Peter Sinclair : Clueless About Ice

Peter Sinclair reels off one piece of misinformation after another in his monotone voice. Here are a couple of them.

Around time 4:40 he compares ice loss in the Arctic vs. ice gain in the Antarctic using percentages rather than absolute numbers. Perhaps he doesn’t realize that there is a lot more sea ice in the Antarctic, so the percentages are of course lower? When we measure the absolute extent of Arctic loss (red below) vs Antarctic gain (blue below) we see that they are currently about equal.

If a 100 pound person loses 10% of their weight, and a 500 pound person gains 2% of their weight, what is the net change in total weight? Zero. That is why people don’t report weight in percentages.

Then around 5:15 he goes completely clueless when he claims that northern sea ice anomalies occur in summer when the sun is high in the sky, but southern sea ice anomalies occur in winter when the sun is low. Perhaps he doesn’t understand that seasons are reversed in the southern hemisphere?

The Antarctic is three standard deviations above normal, and solar energy is at its peak – as seen in the green circle below. By contrast, the Arctic peak ice loss occurs in September when there is very little solar energy being received (red circle below.)

2010 ice took its dip starting in early September, when the Sun was very low in the sky (red circle above) so it actually acts as a negative feedback. The open water allows LW radiation to escape from the ocean, with minimal SW warming the water that time of year.

Another very important consideration is that excess Antarctic  ice occurs at low latitudes where the sun shines directly on the ice, while Arctic deficiencies occur at high latitudes where the sun is oblique. The Antarctic positive anomalies have much more effect on the Earth’s SW radiative balance than do the Arctic negative anomalies.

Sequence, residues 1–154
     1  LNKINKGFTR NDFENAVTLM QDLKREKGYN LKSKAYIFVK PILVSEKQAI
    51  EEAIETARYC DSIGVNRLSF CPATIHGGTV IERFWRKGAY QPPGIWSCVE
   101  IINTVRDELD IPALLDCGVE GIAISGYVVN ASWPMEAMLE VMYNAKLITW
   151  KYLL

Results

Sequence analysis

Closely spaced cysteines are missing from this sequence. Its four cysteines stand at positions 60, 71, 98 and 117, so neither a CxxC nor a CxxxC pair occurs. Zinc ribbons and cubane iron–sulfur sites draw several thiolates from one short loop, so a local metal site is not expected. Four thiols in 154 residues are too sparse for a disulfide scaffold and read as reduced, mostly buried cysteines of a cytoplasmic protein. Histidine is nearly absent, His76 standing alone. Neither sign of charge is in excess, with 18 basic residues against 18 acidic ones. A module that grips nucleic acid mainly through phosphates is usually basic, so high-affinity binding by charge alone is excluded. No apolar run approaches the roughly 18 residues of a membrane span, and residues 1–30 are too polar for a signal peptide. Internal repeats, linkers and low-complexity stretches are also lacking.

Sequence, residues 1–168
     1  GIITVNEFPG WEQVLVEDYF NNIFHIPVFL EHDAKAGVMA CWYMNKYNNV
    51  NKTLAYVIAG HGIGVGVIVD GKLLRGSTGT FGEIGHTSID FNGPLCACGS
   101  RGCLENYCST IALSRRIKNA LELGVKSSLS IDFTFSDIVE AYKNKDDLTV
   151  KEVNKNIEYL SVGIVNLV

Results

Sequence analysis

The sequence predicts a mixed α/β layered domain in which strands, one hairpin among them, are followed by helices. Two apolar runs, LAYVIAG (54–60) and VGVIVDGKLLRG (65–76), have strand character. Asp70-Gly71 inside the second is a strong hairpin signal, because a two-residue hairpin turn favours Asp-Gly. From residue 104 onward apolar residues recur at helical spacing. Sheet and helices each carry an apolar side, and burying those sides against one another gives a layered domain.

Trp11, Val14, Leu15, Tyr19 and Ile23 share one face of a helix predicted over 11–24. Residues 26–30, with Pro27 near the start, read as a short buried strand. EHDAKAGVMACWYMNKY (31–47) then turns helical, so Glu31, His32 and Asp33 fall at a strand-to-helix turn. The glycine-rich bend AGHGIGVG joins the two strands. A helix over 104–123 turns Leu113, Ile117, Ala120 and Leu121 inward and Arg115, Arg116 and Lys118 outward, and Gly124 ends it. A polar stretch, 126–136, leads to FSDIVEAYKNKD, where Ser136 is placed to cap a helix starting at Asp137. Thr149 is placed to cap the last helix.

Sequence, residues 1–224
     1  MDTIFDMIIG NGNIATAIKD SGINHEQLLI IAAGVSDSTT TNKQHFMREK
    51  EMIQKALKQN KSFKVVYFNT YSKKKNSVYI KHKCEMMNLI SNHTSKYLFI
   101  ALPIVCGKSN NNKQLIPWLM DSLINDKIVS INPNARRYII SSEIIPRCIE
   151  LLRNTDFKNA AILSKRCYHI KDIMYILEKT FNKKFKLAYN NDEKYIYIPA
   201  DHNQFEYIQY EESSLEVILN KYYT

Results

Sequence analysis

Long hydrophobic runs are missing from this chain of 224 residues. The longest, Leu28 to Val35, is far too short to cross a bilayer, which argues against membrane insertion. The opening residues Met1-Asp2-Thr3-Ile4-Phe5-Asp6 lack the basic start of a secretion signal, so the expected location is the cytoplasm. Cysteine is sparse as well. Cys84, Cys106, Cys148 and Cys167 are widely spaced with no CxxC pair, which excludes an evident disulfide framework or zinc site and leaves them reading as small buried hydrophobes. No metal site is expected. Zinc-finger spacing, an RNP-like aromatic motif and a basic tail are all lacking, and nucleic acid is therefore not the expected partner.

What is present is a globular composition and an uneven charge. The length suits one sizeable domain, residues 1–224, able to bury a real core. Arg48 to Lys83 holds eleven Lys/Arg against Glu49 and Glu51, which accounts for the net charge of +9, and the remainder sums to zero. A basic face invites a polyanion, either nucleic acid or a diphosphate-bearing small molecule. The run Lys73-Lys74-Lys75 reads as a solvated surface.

At another point he claims that the Arctic is in a “death spiral” in spite of the fact that the minimum has increased by 20% over the last three years.

The amount of multi-year ice increased from 2008 to 2009, 2009 to 2010, and will undoubtedly increase again from 2010 to 2011. Some death spiral.

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35 Responses to Peter Sinclair : Clueless About Ice

  1. mkelly says:

    Of all the stupid statements in the video I think Adm. Titley’s was the worst. How can he know that the ice amount is at the lowest in thousands of years. Dumb.

  2. Peter Ellis says:

    Recent ice anomaly data is here: (Northern) (Southern)

    The above graphs show the area anomaly for the last couple of years. You are quite right that the SH has a predominantly positive anomaly (i.e. more ice than the historical record) while the NH has a predominantly negative anomaly. Perhaps you would be so good as to select some objective criterion (e.g. dates with >0.5 million positive or negative anomaly) and highlight these on the insolation graph?